What’s Behind the Push for INSM Standards?

Three main drivers are relevant for the push to adopt INSM technologies: threat actors and criminal groups continue to thwart perimeter security defenses, supply chain risks and manipulation like the 2020 SolarWinds incident are one the rise, and the threat landscape continues to grow. Targeting of ICS in energy infrastructure is well documented, especially through joint sharing of intelligence and indicators of compromised released by the U.S. Department of Homeland Security (DHS), the Cybersecurity and Infrastructure Security Agency (CISA), and the Federal Bureau of Investigation (FBI).

In 2018 the DHS and FBI characterized cyber activity targeting the energy sector as “a multi-stage intrusion campaign by Russian government cyber actors who targeted small commercial facilities’ networks where they staged malware, conducted spear phishing, and gained remote access into energy sector networks. After obtaining access [the actors] conducted network reconnaissance, moved laterally, and collected information pertaining to Industrial Control Systems (ICS).”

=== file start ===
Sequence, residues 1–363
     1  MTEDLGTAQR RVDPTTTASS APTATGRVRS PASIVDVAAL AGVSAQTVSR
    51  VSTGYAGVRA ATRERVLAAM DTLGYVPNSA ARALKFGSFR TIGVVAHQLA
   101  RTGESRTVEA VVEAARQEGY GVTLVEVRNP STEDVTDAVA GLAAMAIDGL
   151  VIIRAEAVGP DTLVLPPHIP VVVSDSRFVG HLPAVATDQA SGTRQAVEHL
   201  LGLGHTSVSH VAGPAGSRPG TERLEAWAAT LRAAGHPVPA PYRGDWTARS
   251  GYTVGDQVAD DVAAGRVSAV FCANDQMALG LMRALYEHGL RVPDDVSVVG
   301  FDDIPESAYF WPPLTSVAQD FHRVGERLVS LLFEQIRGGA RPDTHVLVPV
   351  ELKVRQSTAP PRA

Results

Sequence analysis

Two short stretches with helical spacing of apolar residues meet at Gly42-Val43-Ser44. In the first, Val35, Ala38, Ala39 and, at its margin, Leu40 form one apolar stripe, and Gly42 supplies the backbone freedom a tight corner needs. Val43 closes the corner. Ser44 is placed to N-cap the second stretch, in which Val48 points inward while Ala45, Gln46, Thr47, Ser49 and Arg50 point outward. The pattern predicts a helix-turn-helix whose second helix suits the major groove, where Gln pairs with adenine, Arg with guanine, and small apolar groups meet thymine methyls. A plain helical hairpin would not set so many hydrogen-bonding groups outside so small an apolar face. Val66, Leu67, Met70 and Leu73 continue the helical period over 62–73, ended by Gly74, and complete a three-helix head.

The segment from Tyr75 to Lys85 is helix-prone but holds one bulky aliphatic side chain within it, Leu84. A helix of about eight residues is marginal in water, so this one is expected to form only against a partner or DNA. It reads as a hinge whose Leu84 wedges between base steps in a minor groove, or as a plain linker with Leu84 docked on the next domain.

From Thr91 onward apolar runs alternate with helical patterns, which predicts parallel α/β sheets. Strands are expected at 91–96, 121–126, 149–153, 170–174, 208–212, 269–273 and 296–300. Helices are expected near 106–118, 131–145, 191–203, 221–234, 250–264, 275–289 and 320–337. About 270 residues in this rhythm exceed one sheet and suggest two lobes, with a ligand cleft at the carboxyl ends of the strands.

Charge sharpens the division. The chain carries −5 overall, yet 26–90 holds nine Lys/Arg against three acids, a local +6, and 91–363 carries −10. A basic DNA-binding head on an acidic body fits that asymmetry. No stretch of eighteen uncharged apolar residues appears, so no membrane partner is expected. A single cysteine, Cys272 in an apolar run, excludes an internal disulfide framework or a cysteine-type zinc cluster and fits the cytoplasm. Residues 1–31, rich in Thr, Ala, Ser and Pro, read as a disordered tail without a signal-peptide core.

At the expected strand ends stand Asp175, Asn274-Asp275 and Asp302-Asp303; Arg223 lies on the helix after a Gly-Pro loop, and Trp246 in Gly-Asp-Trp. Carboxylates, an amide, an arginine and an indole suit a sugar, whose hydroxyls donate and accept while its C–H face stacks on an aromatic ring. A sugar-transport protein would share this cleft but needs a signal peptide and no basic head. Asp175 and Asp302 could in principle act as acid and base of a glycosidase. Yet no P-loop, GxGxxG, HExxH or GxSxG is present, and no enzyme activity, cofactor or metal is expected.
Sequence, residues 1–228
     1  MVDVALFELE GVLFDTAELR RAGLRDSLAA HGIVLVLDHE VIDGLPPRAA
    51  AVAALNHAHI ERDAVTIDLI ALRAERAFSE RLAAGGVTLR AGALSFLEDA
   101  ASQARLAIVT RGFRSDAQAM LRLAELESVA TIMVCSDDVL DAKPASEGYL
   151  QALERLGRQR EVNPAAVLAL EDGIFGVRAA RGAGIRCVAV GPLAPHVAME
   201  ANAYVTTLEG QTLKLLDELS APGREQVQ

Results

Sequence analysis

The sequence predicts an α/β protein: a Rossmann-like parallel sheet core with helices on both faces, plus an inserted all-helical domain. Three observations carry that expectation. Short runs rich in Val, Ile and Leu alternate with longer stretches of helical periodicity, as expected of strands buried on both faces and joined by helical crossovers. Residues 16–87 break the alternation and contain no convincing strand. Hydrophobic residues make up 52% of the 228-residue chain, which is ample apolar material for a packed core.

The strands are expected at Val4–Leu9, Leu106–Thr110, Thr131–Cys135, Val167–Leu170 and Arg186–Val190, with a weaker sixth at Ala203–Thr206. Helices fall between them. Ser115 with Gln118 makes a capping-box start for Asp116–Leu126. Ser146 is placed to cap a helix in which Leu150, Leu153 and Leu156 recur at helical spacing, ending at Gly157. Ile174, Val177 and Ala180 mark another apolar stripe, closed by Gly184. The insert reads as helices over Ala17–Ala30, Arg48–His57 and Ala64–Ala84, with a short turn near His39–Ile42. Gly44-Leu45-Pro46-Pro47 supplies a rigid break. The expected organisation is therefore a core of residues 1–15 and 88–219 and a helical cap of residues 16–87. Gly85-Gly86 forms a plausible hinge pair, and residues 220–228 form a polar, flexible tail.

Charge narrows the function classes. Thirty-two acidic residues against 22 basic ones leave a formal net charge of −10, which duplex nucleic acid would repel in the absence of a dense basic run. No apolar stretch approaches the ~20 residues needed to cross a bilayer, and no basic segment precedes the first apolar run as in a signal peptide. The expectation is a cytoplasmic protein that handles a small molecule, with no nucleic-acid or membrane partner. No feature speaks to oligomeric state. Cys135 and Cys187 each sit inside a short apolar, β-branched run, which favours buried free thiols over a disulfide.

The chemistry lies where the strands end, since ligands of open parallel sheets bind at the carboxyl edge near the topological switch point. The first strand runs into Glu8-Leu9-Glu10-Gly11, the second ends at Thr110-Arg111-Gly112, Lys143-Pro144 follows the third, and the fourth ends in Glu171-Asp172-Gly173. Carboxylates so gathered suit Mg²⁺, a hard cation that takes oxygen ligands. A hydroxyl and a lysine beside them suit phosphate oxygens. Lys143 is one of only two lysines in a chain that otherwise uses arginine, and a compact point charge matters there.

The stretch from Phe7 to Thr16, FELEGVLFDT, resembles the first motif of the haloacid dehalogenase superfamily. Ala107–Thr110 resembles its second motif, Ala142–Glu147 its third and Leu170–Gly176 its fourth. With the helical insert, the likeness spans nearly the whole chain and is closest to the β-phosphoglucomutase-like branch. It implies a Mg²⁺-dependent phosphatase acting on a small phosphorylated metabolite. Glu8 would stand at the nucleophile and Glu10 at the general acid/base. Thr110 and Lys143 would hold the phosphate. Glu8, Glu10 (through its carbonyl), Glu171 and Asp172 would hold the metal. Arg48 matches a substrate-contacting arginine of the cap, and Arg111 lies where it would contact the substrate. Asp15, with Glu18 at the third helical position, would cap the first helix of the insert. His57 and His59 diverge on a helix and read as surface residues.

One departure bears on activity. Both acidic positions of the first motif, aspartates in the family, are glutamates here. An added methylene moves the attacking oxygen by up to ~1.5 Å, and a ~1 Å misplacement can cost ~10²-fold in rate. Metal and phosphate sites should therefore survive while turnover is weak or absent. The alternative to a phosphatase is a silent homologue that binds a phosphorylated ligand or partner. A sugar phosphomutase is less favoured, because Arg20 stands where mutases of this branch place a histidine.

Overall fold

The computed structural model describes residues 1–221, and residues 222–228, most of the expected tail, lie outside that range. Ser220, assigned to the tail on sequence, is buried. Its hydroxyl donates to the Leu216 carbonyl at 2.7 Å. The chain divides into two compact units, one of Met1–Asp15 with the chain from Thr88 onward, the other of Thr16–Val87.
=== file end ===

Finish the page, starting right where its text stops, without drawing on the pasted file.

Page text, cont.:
Since 2018, the threat landscape has only grown. Phishing campaigns and evasion techniques are more sophisticated, attacks have increased in frequency, and cyber threat actors are not the only concern for risk for owners and operators. Risks come from actors – external and internal – to include nation-state threat actors, criminal gangs, malicious insiders, suppliers, partners, and potentially customers. Structural equipment like legacy systems as well as IT equipment and software have created new business reliance on digital systems. Cyber incidents can be further exacerbated by natural disasters, physical and terrorist attacks, infrastructure disruption or degradation, and vice versa.